Apr 5, 2008

Jeep Paying Toledo Police for Extra Security at Toledo North

(Toledo, OH) I received a document from a confidential source that details the amount of money that Chrysler LLC is spending at the Toledo North Assembly plant on Toledo police officers. Neither TPD nor Chrysler has returned my calls as to the reason for the hundreds of thousands of dollars spent in the past few months.

The photo shows an invoice detailing the wages paid to individual officers. For their personal privacy and safety I cropped the image to remove their names and addresses. Since the special operations at Jeep began, Chrysler LLC has incurred $132,440.00 in expense to keep Toledo police on the site.

I know that Jeep normally utilizes the services of the security conglomerate Wackenhut, so I doubt that this is merely an attempt to cover labor shortages. Besides, with an unemployment rate in Toledo approaching 8 percent, I am sure that there are plenty of qualified people who could be hired to handle basic security functions.

It also does not appear from the invoice that TPD officers are moonlighting, as the figures listed are assigned a single invoice number. It appears that Jeep is sending weekly bills to the City of Toledo for the work that the officers are performing.

One reliable source in the plant heard that Jeep management believes that there are "up to 50 people" the company believes might be capable of workplace violence, and that they are concerned about the possibility of another tragedy like the bloody rampage of Myles Meyers in 2005. Another source cojectured that there might be a major theft ring being investigated, and that the officers are working undecover to ferret out people who may be engaged in theft of company property.

If you work at Jeep and know more about this situation, feel free to leave your thoughts in the Comments section.


Anonymous said...

Maybe they like the roach coach donuts at Jeep???

GraphicGuy said...

Although the 'invoices' are, at first glance 'damning', the whole thing isn't making sense.

Being an outside vendor, I'm all over TNAP, and have been for months. It's the same guys, day in and day out - except for the guys that retired.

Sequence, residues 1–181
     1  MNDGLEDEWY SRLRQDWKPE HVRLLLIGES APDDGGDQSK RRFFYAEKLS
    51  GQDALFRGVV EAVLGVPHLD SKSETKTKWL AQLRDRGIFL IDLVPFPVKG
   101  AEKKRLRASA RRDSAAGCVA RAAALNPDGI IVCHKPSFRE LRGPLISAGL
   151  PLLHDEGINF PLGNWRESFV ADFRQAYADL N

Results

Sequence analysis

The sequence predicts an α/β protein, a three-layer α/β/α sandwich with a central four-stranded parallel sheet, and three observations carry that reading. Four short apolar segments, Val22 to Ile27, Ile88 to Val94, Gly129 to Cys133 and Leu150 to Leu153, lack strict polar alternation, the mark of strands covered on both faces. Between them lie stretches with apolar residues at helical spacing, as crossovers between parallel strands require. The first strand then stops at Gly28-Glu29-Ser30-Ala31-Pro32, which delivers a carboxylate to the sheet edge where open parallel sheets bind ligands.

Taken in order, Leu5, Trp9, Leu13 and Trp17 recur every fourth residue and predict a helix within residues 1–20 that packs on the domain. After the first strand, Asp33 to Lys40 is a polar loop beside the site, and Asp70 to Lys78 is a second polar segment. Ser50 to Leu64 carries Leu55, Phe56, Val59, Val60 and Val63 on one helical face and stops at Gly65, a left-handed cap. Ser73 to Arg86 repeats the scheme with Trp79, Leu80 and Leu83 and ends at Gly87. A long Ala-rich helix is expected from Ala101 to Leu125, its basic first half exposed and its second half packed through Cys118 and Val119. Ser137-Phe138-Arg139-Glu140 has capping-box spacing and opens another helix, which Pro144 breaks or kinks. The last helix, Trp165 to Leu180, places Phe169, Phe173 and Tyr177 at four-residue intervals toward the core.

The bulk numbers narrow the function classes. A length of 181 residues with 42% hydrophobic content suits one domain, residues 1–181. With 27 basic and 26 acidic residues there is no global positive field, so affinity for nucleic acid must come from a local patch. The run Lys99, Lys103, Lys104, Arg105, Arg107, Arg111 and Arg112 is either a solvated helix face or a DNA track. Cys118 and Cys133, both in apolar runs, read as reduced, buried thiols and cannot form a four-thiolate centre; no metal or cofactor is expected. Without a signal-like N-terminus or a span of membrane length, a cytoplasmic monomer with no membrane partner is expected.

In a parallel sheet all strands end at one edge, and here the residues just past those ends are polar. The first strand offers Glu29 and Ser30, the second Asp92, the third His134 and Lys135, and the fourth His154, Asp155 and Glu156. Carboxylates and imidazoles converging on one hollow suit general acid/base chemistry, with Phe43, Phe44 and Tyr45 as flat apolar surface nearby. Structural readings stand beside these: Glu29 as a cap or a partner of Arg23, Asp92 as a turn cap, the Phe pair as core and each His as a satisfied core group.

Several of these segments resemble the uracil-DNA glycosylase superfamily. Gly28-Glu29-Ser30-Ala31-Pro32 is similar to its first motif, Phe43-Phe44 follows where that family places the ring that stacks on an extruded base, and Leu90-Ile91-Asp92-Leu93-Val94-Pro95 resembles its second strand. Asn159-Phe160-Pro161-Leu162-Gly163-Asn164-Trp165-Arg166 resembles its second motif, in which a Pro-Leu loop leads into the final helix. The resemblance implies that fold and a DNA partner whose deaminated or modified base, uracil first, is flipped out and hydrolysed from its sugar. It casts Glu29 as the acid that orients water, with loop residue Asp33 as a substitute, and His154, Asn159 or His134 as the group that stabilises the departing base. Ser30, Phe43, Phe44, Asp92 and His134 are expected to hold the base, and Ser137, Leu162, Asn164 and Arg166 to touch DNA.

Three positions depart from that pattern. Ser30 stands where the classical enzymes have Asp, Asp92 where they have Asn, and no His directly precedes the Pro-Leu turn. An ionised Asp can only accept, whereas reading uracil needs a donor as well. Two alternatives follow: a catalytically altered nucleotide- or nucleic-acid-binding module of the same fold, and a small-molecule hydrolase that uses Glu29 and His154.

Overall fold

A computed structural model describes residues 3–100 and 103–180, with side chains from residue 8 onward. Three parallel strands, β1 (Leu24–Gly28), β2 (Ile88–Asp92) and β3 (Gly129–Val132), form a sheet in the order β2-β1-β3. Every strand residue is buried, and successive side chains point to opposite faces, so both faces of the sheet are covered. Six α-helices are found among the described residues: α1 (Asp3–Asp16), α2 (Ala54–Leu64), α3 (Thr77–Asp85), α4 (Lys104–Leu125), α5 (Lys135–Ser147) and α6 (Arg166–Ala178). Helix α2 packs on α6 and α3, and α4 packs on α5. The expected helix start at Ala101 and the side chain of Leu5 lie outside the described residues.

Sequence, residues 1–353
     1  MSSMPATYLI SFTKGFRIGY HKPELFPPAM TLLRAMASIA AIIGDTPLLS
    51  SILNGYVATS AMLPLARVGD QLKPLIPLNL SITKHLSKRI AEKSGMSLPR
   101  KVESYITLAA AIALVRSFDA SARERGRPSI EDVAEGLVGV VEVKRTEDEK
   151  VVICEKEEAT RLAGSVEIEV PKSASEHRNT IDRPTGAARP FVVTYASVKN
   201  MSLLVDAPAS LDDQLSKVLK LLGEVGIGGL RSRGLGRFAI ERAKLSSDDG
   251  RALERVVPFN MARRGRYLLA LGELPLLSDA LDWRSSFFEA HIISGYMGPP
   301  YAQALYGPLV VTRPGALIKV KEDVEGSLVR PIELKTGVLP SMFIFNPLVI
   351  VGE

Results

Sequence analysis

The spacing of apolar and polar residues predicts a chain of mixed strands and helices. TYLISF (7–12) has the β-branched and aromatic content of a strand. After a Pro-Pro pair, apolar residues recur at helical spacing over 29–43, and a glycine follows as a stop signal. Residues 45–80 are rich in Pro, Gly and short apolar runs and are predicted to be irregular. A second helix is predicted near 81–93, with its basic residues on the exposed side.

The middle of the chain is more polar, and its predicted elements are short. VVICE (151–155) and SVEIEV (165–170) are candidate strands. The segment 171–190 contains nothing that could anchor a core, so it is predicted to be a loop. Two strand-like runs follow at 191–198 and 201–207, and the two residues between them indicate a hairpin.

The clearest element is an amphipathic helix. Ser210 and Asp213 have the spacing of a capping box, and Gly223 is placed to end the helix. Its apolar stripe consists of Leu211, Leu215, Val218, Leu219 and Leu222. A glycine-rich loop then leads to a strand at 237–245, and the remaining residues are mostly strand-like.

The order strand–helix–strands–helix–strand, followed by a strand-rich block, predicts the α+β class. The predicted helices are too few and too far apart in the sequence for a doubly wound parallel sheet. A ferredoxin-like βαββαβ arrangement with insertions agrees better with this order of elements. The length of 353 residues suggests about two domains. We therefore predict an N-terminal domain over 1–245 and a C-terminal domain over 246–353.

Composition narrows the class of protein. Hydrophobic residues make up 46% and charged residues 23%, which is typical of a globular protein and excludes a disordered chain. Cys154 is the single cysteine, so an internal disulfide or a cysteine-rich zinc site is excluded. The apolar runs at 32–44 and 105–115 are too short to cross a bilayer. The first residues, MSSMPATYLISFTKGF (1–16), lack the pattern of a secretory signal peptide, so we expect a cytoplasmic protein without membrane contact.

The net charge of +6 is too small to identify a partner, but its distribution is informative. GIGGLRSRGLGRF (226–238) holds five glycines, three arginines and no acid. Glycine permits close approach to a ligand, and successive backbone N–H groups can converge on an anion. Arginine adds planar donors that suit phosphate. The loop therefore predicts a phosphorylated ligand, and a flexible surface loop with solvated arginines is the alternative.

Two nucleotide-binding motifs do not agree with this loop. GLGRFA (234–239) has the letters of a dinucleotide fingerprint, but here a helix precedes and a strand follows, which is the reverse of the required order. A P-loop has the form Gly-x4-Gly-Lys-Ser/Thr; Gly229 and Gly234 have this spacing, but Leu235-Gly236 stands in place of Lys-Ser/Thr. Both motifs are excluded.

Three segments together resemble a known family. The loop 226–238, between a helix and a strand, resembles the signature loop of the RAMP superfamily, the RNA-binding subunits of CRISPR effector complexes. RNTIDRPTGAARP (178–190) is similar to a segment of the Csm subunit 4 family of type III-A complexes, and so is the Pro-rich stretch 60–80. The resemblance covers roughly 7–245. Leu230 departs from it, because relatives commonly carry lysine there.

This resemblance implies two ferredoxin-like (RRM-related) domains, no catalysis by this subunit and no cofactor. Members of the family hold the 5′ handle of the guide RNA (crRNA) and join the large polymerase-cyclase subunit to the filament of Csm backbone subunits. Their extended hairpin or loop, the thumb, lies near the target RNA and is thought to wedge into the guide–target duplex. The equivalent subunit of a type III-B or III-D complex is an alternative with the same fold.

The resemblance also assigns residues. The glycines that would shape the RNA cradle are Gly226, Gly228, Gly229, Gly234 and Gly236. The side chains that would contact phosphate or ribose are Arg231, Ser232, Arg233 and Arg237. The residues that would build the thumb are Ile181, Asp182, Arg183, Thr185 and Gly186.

I'm also ex-PD and still have a pretty good 'eye' and 'feel' in my surroundings and I can spot a cop or someone carrying a mile away. If there were a drug or theft ring going on, Jeep wouldn't be paying for Officers - TPD would be doing the invest. on their own. In either case, there would probably be a 'higher authority' than just TPD involved also.

"Up to 50....capable of workplace violence"? It's doubtful anyone is going to go ballistic unless there's a 'trigger', e.g. dismissal or layoff to set them off, at which time Jeep might call in 'reinforcements', but probably not before. People usually see that their co-worker is a loose cannon and often report that kind of behavior to management. Since no one wants to be shot, and even though they're 'union brothers', the co-worker would certainly notify management if they witness more extreme behavior, so this would suffice to be that 'watchful eye' on the floor.

I can't explain the 'invoices', but even though it looks like sh*t and has the slight odor of sh*t, I firmly believe it's not what it appears. And there's really no place for them to 'hide'.

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Artistic manifestations of the death in the Middle Ages, by Angela Trinidad Tuttolomondo. School of History. Faculty of Humanities and Arts at the National University of Rosario.
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Small tribute to the blood spilled by those who only had left to fight for the honor..., by Adriana Acosta Sosa. Faculty of Law at the National University of Northeast.
Another explanation of the migration reality between Mexico and the United States, by Horacio Yubone. School of Anthropology. Faculty of Humanities and Arts at the National University of Rosario.
Militants of the Revolutionary Peronism, by Roberto Baschetti. School of Sociology. University of Salvador.
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GraphicGuy said...

By nothing more than sheer luck, your tip-off to the media was well timed *this time*, but the scenario very well could have played out differently.

I understand you're a 'journalist', and your 'job' is to report that which the public has a right to know, *but* had this been a different type of investigation and had it not been 'closed', *you* would have been the one that put officers in danger!

You didn't know what was going on. You didn't know that it was over. You didn't consider that you could have compromised the investigation *or* the lives of the Officers involved!

In regards to "...one could argue that it was irresponsible not to let employees know of potential danger.", why cause undue strain on employees by telling them their lives *may* be in danger, causing production loss and potential on-the-job injuries because the employee is constantly worrying and looking over his shoulder and not paying attention to what he is supposed to be doing? Not knowing the 'When/How/Where's', Jeep called in professionals to protect and to watch for any situation that *may* develop.

If you can take your money for this story and sleep well, then you're a better man than me.

Over-zealous and irresponsible reporting is what I call it.